The Trades Union Congress (TUC) has raised concerns about government's failure to engage labour unions before launching its Domestic Debt Exchange programme.
TUC says it was gravely concerned about the government's programme because of its potential negative impact on worker's pensions.
The TUC’s reaction followed the government’s move to rely on a softer payment plan with institutions and individuals who have lent money to the country as part of efforts to reduce the burden the public debt stock puts on the economy.
In a statement signed by the Secretary General of the TUC, Dr. Yaw Baah, the union bemoaned the lack of prior engagement with labour given that a substantial portion of worker's pensions is invested in government bonds.
“The Trades Union Congress is gravely concerned about government’s domestic debt exchange (DDX) programme…because of its potential negative impact on workers’ pensions. We are equally concerned about the lack of prior engagement with labour unions, given that a substantial portion of workers’ pensions is invested in government bonds.”
“We are assuring workers that, the TUC and its affiliate unions will do everything in our power to ensure that our members are fully protected and that not even a pesewa of pension funds is lost in the debt restructuring programme.”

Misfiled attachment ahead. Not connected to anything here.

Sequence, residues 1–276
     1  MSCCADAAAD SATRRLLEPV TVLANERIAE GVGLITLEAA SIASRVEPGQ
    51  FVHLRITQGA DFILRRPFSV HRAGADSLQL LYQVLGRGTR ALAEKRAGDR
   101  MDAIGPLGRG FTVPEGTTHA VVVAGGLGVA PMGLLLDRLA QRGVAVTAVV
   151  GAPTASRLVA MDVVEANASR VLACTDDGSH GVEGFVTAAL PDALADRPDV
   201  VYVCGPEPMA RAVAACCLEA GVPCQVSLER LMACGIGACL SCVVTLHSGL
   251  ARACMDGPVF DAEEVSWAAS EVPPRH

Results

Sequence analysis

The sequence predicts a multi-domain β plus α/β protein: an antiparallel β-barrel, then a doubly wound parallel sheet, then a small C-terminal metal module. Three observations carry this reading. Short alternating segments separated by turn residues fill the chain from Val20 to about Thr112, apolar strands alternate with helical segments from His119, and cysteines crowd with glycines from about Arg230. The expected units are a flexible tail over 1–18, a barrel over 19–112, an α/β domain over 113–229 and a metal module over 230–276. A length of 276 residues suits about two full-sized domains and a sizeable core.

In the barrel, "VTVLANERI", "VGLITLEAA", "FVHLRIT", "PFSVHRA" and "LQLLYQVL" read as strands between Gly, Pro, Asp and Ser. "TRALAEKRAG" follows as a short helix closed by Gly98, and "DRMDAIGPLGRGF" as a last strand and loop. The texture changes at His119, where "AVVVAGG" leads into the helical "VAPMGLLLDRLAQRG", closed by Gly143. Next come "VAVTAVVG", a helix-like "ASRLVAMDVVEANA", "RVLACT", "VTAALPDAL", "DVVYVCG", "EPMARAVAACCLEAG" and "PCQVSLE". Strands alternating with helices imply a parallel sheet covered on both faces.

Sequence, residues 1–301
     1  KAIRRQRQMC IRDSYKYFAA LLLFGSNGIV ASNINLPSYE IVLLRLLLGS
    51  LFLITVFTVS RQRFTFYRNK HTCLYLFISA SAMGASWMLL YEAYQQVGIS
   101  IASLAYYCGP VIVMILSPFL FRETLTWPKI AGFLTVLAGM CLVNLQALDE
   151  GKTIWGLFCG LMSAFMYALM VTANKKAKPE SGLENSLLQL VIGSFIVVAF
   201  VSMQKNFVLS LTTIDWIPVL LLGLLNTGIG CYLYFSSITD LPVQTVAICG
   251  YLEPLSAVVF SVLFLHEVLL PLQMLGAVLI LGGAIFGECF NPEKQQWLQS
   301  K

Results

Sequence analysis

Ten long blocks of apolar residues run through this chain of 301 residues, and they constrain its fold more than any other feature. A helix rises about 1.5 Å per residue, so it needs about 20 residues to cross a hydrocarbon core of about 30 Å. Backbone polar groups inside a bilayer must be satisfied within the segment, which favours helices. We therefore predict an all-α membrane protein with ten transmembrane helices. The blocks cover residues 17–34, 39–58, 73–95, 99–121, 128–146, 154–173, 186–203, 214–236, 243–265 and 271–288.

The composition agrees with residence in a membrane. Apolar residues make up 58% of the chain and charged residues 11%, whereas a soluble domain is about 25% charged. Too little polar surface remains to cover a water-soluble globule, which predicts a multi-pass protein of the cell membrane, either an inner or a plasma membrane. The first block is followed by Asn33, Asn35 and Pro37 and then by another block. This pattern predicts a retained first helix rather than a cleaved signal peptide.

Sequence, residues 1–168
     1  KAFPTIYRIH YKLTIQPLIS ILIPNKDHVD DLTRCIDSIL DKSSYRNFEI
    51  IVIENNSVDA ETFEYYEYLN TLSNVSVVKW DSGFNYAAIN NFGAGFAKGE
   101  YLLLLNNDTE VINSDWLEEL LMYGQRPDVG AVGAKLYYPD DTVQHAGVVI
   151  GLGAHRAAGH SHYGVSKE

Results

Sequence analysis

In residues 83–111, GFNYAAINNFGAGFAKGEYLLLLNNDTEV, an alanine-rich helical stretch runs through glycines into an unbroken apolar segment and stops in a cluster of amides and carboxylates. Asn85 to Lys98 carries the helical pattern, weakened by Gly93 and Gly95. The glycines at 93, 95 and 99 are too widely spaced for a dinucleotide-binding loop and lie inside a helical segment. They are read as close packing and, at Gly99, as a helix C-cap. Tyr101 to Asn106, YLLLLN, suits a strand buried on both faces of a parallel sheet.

TUC therefore called for calm among its members while it works to protect their pensions.
“We are therefore appealing to all workers and unions to remain calm as we work to protect our retirement funds,” TUC add in a statement.
Government launched the Debt Exchange Programm on Monday, December 5, 2022, as part of efforts to reduce the country’s debt burden.
While launching the programme, the Minister of Finance, Ken Ofori-Atta said the following:
“Under the domestic bonds exchange programme, domestic bondholders will be asked to exchange their instruments for new ones. Existing domestic bonds as of 1st December 2022 will be exchanged for a set of four new bonds maturing in 2027, 2029, 2032 and 2037.
“The annual coupon on all these bonds will be set at zero percent in 2023, 5 percent in 2024 and 10 percent from 2025 until maturity… In line with this, treasury bills are completely exempted, and all holders will be paid the full value of their investments on maturity. There will be no haircuts on the principal of bonds, and individual holders of bonds will also not be affected”.
By Citi Newsroom